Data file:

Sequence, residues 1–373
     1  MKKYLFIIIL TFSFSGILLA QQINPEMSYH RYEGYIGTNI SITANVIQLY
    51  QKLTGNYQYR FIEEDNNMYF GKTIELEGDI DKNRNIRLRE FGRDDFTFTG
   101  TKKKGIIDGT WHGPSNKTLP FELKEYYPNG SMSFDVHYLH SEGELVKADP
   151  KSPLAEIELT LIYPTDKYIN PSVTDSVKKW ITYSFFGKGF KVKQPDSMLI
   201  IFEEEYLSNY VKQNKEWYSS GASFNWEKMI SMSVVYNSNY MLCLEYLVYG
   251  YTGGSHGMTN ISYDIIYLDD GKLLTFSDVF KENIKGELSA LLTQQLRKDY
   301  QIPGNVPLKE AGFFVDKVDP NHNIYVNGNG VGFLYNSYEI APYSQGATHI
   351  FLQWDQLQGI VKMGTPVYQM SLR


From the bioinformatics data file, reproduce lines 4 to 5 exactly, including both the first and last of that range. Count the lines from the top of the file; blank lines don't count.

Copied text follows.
   101  TKKKGIIDGT WHGPSNKTLP FELKEYYPNG SMSFDVHYLH SEGELVKADP
   151  KSPLAEIELT LIYPTDKYIN PSVTDSVKKW ITYSFFGKGF KVKQPDSMLI